16 Aug SCA Weekly News Review: August 16, 2020
The Founders of the Neon Art Collective ‘She Bends’ Discuss the Womxn at the Forefront of the Trade
From Colossal: Colossal contributor Claire Voon spoke with Meryl Pataky and Kelsey Issel of She Bends, a collective of womxn who bend neon, via Zoom in August 2020. This interview has been edited for clarity. The artwork above is by Megan Stelljes.
Claire: Where are you both based as the pandemic persists?
Meryl: I live in Oakland and my shop is in San Francisco. Kelsey is in Marfa, Texas.
Claire: Meryl, do you currently have access to a studio space, and if so, have you been able to make new work during this time?
Meryl: I could either work at home, where I have a setup in my garage, or work at my shop. I was supposed to have a solo show in April that got postponed until September at Pt.2 Gallery, so I’m working on that. It’s all new work, and it’s kind of crazy because the themes that I was discussing were a lot of American guilt type of things like capitalism and colonialism, exploitation of people and labor. So I’m actually grateful that I’ve had time to experience the work in this context and spend more time with it.
Claire: I feel like many artists are struggling to find motivation to create during this crisis, but having a deadline probably helps.
A 1940s Diner That Has Traveled Across Southwestern Pennsylvania Is Now For Sale On eBay
From KDKA 2 Pittsburgh: BUTLER, Pa. (KDKA) — A 1940s diner in Butler County is for sale and in need of a new home.
A sale listing for the 1949 diner has popped up on eBay. Formally known as The Summit Diner, the piece of 1940s nostalgia currently sits vacant at 760 U.S. Route 422 in Butler, attached to a cement block building.
The eBay listing only lasts 30 days and has a starting bid of $15,000. The diner needs some elbow grease to get off the ground again. Repairs need to be made to the roof, windows and some of the stainless steel appliances inside.
However, if you are interested in purchasing this piece of history, be warned, you are in for a heavy haul.
History of Front Street’s Auto Row | Ross Eric Gibson
From the Santa Cruz Sentinel: In the 1990s, the city wanted its new parking garage at Front Street and Soquel Avenue to fit into the humanist character of our post-earthquake downtown. So they hired architect Gary Garmann, whose initial design was more boxy with industrial details, and artwork to look like tire ad posters. Garmann said he was inspired that Front Street was once Auto Row, but a councilwoman told him they hired him to make it look LESS like a parking garage, with architecture to emphasize the businesses rather than car storage. “Then how will people know it’s a garage?” he asked. “With signs.” So it was modified.
Garmann can be forgiven to think Auto Row must have been like a “Gasoline Alley” of grease shops, tin warehouses and auto-wrecking yards. Yet the north end of Front Street below Cooper Street was the town’s Civic Center, with the octagonal Hall of Records, County Jail, City Hall, art gallery, music hall and gymnasium on the west side of the street, and the Greyhound and Peerless bus station to the east. City officials objected to grimy blacksmiths and grease shops within view of the County Seat, so these industrial services dressed themselves up.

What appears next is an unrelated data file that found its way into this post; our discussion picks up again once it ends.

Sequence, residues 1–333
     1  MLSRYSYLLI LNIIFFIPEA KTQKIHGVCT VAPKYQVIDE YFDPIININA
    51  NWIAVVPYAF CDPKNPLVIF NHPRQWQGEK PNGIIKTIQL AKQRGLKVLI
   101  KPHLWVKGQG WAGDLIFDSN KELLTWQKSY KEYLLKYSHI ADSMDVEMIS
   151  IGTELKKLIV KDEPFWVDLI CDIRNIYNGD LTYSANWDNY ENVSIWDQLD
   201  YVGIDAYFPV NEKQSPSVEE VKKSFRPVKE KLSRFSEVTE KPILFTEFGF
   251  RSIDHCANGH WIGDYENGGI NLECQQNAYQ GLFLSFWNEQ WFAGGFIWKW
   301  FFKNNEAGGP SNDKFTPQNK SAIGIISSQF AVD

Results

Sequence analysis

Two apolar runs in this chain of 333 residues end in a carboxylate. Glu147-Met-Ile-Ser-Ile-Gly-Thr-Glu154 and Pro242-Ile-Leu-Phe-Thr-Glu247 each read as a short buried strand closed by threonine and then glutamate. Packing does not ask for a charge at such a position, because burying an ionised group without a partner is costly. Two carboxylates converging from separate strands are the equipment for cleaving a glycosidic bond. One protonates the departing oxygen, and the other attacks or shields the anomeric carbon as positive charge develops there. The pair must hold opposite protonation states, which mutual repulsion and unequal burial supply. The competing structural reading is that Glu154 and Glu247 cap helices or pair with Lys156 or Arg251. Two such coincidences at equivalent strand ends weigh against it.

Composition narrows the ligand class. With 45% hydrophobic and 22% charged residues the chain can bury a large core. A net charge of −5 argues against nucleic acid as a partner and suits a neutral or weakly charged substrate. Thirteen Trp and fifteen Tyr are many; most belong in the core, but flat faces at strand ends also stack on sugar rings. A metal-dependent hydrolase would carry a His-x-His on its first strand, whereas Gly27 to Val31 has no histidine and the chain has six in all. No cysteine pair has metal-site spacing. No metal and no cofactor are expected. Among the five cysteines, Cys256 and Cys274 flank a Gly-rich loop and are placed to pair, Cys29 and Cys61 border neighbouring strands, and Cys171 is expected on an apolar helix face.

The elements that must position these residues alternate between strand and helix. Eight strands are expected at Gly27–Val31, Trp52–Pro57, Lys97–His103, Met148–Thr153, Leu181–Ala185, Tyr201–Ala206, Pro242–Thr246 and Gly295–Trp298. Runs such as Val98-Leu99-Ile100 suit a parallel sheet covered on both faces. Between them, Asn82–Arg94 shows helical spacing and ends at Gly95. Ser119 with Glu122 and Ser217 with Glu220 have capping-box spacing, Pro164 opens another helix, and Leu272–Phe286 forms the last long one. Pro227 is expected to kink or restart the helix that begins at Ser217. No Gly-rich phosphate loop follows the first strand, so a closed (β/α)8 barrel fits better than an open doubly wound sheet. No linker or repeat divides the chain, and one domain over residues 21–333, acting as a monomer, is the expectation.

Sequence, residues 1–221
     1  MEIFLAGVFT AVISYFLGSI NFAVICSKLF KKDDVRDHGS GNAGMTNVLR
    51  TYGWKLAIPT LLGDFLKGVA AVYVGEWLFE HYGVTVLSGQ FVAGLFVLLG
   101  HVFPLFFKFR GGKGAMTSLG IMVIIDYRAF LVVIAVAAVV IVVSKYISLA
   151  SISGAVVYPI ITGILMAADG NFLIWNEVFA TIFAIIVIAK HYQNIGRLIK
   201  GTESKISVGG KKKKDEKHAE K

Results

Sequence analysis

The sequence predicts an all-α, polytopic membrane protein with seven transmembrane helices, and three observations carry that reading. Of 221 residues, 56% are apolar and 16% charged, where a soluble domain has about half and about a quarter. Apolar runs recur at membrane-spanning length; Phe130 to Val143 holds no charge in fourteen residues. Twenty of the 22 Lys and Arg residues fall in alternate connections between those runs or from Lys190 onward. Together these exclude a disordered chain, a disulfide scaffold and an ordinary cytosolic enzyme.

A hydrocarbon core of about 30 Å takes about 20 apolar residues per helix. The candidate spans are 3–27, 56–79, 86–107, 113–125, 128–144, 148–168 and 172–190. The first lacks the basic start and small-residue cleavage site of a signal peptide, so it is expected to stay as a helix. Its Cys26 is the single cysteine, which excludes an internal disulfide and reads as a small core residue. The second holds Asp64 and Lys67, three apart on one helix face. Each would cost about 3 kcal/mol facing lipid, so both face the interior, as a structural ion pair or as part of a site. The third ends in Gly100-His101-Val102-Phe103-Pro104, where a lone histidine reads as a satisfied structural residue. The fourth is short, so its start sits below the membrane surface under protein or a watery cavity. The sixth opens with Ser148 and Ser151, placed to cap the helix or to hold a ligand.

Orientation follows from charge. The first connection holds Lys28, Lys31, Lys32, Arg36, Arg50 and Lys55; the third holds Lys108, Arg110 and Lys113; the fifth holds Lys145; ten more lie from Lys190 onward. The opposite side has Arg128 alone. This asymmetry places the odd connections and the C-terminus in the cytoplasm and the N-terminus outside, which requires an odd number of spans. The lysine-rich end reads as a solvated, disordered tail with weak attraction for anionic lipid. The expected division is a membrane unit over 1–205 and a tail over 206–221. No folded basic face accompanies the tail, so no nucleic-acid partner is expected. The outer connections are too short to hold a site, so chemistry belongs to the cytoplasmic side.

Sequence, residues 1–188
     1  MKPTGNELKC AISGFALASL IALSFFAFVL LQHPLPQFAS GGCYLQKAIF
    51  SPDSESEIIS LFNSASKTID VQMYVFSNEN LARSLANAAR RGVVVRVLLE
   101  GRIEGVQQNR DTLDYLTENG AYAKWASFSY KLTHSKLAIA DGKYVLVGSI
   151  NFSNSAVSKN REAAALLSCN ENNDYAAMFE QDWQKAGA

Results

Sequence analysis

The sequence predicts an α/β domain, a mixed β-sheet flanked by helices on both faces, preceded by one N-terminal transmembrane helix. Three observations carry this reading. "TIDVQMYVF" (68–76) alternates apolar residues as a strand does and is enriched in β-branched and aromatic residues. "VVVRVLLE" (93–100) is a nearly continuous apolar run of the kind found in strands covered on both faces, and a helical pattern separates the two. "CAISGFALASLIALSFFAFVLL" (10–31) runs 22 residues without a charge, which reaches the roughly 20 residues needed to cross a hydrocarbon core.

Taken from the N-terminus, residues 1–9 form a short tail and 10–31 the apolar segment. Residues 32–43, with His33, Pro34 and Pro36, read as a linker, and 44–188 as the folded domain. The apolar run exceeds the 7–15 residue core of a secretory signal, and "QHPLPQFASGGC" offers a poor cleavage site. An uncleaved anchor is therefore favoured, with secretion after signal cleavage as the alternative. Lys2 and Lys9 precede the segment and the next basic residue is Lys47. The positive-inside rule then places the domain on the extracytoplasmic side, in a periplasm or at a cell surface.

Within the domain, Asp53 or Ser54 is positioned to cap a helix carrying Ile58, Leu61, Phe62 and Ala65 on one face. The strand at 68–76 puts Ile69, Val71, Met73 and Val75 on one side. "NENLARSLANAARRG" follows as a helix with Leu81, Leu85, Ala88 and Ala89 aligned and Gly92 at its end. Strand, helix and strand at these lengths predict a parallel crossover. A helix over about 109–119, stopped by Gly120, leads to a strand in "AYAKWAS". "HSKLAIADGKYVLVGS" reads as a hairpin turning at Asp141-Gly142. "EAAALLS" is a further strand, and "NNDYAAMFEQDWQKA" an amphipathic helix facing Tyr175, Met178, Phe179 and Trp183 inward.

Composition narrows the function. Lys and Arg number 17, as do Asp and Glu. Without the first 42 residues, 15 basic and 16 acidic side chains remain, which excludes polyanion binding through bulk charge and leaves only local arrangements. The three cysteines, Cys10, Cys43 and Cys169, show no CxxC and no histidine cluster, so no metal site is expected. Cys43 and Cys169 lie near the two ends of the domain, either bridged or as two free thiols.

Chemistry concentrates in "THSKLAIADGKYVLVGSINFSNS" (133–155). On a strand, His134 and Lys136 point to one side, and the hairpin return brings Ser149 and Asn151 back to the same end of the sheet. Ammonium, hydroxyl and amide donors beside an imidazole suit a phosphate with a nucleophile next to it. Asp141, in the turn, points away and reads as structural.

“World’s largest” Route 66 sign goes up at Motorheads Bar, Grill & Museum
From The Courier: The concept of a Route 66 sign at Motorheads Bar, Grill & Museum on Toronto Road just off Interstate 55 began as a sketch on a piece of paper in Ron Metzger’s restaurant a couple of years ago.
Even then, Metzger was thinking big.
The 32-foot-by-32-foot sign was delivered and was being worked by its manufacturer, Ace Sign Co. in Springfield, on Thursday. It was hoisted into place Friday with an official dedication later that afternoon.
Metzger is calling it the “world’s largest Route 66 emblem,” apparently eclipsing the shield that stands in front of the National Route 66 Museum in Elk City, Okla.
Federal Judge Gives Greenlight To Termination Of Paramount Consent Decrees
The lifting of the decrees will clear the way for studios to once again take significant ownership of theater chains, now in dire straits because of the pandemic. But more importantly for the industry, the elimination of the decrees means that studios and exhibitors will be allowed to engage in a host of business practices that have been prohibited since the late 1940s.
“Because changes in antitrust law and administration have diminished the importance of the Decrees’ restrictions, while still providing protections that will keep the probability of future violations low, the Court finds that termination of the Decrees is in the public interest,” wrote U.S. District Judge Analisa Torres in a ruling issued on Friday.
Road Trip! Why Traveling By Car Is the Safest Way to Vacation Right Now
From Mental Floss: There’s no question that the threat of COVID-19 has had a significant effect on how Americans travel. Summer, which is typically vacation season, has seen millions cancel or postpone plans to traverse the country.
While travel by any means may increase your odds of coming in contact with the virus, some methods are safer than others. Recently, Condé Nast Traveler spoke with a number of health experts for guidance on how to approach vacations via air, train, or the highway. The general consensus? If you’re going somewhere, try to go by car.